Escapades
Share
Print article

Comment

Accommodation in France: house-sitting

The savvy traveller's guide to accommodation in france - home exchange - MyFrenchLife.orgWe all want to be savvy travellers: the kind of people who are never tourists, often asked for directions by foreigners and frequently mistaken for locals. 

Savvy travellers know there are so many options that won’t break the bank when it comes to accommodation in France. But even savvy travellers (like us!) can feel a little overwhelmed at times… There are so many options available that it can be tricky to figure out what will work best for you and your trip.

In our savvy traveller’s guide to staying in France, we’re sorting through the mess in search of gems – and we’ve found quite a few! We’ve already explored French gîtes and villas, as well as home exchange. This time, we look at house-sitting!

What

House sitting is another option that, like home exchange, has developed dramatically over the last ten years – mostly thanks to the Internet.

A house sitter is usually required to do small things such as look after the family pet, water the plants, maybe turn on a swimming pool filter and so on.

Pros

Of course the biggest bonus here is that it’s free. Much like house-swapping, you also have the chance to interact with locals and get to know the area in which you’re living in a way you wouldn’t otherwise be able to!

house-sitting is for people who love travelling - Accommodation in France - MyFrenchLife.org

Where to look

There are a number of options, but we’d recommend taking a look at MindMyHouse, Ilidor or Nomador.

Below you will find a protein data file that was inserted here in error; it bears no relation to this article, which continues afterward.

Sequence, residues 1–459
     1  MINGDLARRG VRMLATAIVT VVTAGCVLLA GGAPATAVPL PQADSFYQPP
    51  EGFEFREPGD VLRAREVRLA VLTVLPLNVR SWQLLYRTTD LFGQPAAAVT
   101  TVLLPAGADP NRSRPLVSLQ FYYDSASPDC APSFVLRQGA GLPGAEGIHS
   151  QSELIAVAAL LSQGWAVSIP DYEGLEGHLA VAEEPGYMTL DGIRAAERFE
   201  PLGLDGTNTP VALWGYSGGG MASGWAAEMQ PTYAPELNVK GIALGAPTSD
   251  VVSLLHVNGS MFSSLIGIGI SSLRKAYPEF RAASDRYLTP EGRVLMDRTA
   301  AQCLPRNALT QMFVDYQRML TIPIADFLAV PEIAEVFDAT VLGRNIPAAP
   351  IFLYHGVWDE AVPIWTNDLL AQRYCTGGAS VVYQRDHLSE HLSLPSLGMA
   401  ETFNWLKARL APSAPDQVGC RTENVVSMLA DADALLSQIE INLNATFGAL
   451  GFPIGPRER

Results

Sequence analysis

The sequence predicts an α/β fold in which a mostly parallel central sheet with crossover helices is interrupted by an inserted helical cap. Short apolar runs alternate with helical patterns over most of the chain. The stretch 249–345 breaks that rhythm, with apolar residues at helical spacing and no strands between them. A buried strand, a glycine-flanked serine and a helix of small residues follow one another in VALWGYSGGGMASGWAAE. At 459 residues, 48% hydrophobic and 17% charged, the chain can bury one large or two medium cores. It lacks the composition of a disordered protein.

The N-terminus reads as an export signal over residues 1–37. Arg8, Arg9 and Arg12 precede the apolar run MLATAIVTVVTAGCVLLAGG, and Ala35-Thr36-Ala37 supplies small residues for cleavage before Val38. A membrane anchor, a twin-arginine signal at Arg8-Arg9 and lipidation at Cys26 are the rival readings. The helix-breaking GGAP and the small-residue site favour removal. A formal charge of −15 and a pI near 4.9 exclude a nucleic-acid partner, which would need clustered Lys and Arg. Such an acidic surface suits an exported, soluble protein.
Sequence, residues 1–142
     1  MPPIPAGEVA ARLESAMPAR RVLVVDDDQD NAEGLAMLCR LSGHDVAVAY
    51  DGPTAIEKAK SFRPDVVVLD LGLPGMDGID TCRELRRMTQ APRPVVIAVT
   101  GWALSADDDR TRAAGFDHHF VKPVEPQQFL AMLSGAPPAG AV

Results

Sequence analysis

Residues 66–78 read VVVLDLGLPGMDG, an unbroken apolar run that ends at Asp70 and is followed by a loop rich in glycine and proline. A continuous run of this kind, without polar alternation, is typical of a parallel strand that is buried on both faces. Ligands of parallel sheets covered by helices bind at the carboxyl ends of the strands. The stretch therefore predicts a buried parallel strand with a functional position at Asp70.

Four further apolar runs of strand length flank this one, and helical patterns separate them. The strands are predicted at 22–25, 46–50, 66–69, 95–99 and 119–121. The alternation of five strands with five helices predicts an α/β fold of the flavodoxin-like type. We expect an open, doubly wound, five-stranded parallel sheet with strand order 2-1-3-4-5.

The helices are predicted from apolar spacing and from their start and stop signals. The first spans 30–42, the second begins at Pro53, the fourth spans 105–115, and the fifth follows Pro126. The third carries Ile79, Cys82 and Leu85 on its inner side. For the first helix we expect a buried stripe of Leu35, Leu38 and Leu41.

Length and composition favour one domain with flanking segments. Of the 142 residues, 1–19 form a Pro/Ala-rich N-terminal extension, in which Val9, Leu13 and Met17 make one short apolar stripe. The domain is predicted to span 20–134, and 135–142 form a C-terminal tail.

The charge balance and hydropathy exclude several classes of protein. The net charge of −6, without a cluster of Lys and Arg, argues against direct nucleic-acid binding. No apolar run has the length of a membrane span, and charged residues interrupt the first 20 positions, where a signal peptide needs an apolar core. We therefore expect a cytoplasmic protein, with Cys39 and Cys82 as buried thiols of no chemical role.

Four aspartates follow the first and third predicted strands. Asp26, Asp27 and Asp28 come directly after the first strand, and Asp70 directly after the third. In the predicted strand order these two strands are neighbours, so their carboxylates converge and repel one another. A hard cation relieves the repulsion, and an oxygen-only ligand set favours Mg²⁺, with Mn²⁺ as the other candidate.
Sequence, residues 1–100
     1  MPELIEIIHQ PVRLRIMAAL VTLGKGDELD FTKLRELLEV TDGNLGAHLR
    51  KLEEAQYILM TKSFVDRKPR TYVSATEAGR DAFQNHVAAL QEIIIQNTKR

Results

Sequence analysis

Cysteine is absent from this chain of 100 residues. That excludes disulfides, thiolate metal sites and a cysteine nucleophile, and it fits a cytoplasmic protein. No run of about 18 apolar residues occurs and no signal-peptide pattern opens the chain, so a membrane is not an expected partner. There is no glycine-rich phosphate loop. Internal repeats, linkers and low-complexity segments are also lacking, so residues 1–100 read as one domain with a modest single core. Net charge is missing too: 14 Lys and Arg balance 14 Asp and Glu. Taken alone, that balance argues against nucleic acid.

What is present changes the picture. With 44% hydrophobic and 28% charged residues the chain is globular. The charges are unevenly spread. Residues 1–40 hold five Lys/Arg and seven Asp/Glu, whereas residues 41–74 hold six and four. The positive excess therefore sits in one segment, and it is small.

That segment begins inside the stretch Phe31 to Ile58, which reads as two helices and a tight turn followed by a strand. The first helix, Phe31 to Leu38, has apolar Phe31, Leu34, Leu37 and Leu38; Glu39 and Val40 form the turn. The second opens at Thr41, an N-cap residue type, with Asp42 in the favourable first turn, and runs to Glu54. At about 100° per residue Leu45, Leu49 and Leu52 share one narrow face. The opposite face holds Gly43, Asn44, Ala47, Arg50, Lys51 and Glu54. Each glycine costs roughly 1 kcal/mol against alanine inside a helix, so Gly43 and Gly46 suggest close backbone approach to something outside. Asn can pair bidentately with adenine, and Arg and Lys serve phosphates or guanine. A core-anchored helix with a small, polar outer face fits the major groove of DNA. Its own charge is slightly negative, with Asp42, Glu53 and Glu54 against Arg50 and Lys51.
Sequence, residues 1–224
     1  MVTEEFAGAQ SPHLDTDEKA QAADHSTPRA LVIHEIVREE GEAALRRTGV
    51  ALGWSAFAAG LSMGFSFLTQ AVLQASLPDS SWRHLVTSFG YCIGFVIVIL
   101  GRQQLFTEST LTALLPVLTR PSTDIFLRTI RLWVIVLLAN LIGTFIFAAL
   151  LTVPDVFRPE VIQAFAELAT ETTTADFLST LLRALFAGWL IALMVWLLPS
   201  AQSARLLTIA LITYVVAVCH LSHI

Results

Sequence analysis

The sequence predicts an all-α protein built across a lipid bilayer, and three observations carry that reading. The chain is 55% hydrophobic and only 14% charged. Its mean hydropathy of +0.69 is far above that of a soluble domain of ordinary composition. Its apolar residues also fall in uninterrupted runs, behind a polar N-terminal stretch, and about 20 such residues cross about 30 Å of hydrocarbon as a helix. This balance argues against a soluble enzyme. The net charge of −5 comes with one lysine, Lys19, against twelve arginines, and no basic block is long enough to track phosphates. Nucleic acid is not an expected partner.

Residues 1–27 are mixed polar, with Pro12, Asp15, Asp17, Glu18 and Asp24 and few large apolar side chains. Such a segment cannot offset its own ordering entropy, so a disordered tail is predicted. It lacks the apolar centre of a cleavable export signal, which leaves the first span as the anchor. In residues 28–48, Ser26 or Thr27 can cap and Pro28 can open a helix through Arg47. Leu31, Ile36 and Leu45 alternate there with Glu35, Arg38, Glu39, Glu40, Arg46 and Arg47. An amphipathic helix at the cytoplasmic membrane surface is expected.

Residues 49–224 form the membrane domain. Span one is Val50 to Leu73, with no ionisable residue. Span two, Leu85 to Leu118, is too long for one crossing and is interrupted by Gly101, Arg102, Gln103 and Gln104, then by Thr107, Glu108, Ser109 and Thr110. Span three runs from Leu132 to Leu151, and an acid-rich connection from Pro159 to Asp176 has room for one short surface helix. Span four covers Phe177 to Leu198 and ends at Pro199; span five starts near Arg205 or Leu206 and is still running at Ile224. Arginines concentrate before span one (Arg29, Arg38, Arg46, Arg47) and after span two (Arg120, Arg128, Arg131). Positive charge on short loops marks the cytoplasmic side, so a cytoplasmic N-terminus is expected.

Sites like Ilidor act as agencies, which means they personally interview and match the interested parties. Meanwhile, sites like MindMyHouse and Nomador allow users to communicate and transact directly with the other person involved – house-sitter to home owner.

Nomador in particular is very innovative in the way they allow for the establishment of trust between home owners and house-sitters. Each user builds a personal profile, and earns ‘trust’ in a number of ways. To us (and we’re sure to you!), this just makes sense – we’re always looking for ways to feel safer when dealing with others on the web.

Things to watch out for

Like many of the above forms of accommodation, becoming a house sitter is about building up a trusting rapport between you and the home owner, meaning your profile needs to be detailed and extensive. It’s a great idea to read some testimonials on MindMyHouse about the experiences some house sitters have had, particularly with the customer support of the website.

The savvy traveller's guide to accommodation in france - house sitting - MyFrenchLife.org

Have you ever been a house-sitter, or had someone stay in your own home? Tell us about your experiences! Join the conversation below…



Join the conversation

0 Comment